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Migrate GraphQL to Hasura

On this page

  • Before You Begin
  • Migrate to Hasura
  • Create a New Project in Hasura
  • Authorize Hasura for MongoDB
  • Migrate GraphQL Schema
  • Test Your GraphQL Queries
  • Authorization and Authentication
  • Set Up Custom Resolvers
  • Update Client Applications
  • Shut down MongoDB Atlas App Services Endpoints

Important

Always refer to the official documentation of both MongoDB Atlas and Hasura for the most up-to-date and accurate information. Specific steps may vary depending on the details of your project and the technologies used.

Hasura empowers developers to rapidly build and deploy GraphQL and REST APIs on MongoDB and many other data sources. By radically cutting down API development times, Hasura enables rapid access to data, reduces friction across teams and services, and enables enterprises to shorten time to market on data-powered products and features.

If you haven't already, Create an account on Hasura's website cloud.hasura.io.

Migrating your GraphQL API endpoints from MongoDB Atlas App Services to Hasura involves a multi-step process that encompasses setting up your environment in Hasura, configuring database connections, migrating schemas, and implementing authorization and authentication mechanisms. Below is an expanded guide detailing each step, with a focus on authorization and role-based access control (RBAC) within Hasura. For more information, check out the Hasura docs.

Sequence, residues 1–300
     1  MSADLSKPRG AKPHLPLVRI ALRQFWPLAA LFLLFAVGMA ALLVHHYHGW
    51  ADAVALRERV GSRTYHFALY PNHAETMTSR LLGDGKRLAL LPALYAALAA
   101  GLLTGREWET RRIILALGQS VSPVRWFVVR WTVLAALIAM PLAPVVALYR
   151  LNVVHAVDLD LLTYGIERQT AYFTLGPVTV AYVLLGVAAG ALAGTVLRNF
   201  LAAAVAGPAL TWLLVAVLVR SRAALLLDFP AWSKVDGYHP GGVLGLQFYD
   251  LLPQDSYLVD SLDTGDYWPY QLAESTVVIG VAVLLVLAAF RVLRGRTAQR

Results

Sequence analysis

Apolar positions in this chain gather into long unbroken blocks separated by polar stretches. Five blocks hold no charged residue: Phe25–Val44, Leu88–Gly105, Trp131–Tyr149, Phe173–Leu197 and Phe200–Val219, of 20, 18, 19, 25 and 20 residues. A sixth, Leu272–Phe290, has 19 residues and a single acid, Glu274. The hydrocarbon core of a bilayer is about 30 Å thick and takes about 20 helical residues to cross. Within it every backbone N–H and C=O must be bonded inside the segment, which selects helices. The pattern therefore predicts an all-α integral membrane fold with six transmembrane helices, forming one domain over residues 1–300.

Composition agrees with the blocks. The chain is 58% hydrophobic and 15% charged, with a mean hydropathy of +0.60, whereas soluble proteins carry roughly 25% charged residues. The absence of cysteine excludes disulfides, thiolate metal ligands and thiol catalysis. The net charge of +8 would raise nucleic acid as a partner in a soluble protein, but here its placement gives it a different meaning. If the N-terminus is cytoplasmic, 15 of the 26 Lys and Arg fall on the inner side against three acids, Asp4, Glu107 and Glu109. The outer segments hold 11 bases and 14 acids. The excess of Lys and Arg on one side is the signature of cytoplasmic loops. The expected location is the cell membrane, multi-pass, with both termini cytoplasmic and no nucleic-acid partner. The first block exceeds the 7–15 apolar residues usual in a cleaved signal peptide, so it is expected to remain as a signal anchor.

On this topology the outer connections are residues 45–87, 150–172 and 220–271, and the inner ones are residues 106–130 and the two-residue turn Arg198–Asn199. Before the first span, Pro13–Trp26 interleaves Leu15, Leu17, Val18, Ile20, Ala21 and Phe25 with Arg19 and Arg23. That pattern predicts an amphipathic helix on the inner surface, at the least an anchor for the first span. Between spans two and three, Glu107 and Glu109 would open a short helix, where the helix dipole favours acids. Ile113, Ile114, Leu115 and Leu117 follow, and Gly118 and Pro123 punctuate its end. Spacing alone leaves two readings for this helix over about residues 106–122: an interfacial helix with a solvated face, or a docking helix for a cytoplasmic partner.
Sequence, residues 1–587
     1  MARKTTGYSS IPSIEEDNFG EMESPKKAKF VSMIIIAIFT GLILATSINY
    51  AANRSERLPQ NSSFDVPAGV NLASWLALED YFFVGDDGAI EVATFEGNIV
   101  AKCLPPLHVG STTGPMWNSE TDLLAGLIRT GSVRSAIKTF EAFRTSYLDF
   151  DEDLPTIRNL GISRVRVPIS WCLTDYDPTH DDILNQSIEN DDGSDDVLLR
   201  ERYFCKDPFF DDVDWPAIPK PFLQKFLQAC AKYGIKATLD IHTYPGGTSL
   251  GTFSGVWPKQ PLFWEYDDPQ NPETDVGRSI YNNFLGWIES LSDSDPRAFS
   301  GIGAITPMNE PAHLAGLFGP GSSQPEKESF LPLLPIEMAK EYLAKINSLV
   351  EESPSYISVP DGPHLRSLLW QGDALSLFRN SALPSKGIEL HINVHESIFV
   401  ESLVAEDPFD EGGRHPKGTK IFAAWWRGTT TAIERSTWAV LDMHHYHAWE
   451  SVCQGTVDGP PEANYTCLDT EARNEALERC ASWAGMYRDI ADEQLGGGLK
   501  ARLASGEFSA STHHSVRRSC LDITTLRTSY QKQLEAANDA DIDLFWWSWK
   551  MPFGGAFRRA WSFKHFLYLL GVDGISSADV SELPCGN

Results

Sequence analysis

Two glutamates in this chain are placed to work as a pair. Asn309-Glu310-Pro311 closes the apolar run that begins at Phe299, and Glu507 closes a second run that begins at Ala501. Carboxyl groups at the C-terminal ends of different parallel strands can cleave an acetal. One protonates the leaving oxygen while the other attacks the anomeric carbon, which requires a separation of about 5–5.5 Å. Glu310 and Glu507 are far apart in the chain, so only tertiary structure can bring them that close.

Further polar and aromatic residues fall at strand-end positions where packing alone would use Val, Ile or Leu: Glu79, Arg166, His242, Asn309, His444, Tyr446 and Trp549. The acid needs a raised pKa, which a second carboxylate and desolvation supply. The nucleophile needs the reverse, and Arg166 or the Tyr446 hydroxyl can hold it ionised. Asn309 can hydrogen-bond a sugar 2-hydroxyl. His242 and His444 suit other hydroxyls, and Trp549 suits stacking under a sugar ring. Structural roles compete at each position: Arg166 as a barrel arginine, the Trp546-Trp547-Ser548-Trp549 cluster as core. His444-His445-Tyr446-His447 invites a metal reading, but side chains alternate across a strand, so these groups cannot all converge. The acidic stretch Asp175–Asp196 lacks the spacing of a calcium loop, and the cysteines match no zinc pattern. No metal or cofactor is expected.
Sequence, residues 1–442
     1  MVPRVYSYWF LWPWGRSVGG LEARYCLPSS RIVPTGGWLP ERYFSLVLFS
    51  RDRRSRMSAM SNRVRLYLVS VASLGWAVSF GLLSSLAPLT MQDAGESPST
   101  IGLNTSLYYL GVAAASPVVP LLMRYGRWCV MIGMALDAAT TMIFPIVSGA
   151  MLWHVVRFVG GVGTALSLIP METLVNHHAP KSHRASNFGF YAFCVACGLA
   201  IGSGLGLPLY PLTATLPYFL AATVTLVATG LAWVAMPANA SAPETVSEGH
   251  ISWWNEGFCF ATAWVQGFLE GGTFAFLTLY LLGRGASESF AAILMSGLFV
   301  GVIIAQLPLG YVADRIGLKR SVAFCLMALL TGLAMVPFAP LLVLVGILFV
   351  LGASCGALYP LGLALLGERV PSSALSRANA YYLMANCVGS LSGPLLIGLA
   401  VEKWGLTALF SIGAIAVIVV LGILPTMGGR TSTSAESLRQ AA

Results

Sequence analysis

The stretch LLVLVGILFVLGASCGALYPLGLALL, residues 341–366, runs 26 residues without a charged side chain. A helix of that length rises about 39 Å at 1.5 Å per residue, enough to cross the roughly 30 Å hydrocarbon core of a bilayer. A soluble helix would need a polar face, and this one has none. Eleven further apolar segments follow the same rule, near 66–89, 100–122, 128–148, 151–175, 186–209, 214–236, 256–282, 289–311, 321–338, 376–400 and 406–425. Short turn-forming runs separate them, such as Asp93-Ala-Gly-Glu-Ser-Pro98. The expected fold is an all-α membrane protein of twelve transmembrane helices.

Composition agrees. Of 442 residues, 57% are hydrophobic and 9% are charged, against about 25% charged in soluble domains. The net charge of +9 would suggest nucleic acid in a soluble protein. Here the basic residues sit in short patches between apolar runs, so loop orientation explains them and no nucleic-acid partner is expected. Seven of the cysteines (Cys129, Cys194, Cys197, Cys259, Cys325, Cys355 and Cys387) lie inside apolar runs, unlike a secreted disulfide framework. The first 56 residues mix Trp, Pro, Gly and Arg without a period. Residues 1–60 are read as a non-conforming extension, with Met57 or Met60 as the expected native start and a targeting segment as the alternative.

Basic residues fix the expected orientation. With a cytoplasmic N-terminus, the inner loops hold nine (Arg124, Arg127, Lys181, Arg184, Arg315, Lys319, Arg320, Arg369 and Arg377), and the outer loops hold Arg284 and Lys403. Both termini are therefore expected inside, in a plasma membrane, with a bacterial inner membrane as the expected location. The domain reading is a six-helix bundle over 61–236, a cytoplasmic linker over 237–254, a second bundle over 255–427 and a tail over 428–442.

To migrate to Hasura:

  1. Create a new project in Hasura

  2. Authorize Hasura for MongoDB

  3. Migrate your GraphQL schema

  4. Test your GraphQL queries

  5. Handle authorization and authentication

  6. Set up custom resolvers

  7. Update client applications

  8. Shut down MongoDB Atlas App Services

1

After logging in to Hasura, navigate to Projects and create a new project by clicking on New Project. Select a pricing plan, cloud provider, and region that aligns with your MongoDB Atlas setup for optimal performance.

Hasura projects page
2

After creating your project, take note of the Hasura Cloud IP on this page as you'll use this in your MongoDB Atlas setup to authorize Hasura for MongoDB.

Project information page
3

Click on Launch Console to open up the Hasura Console.

4

Click on the DATA tab at the top, choose MongoDB from the list of various databases that Hasura supports, and click Connect Existing Database.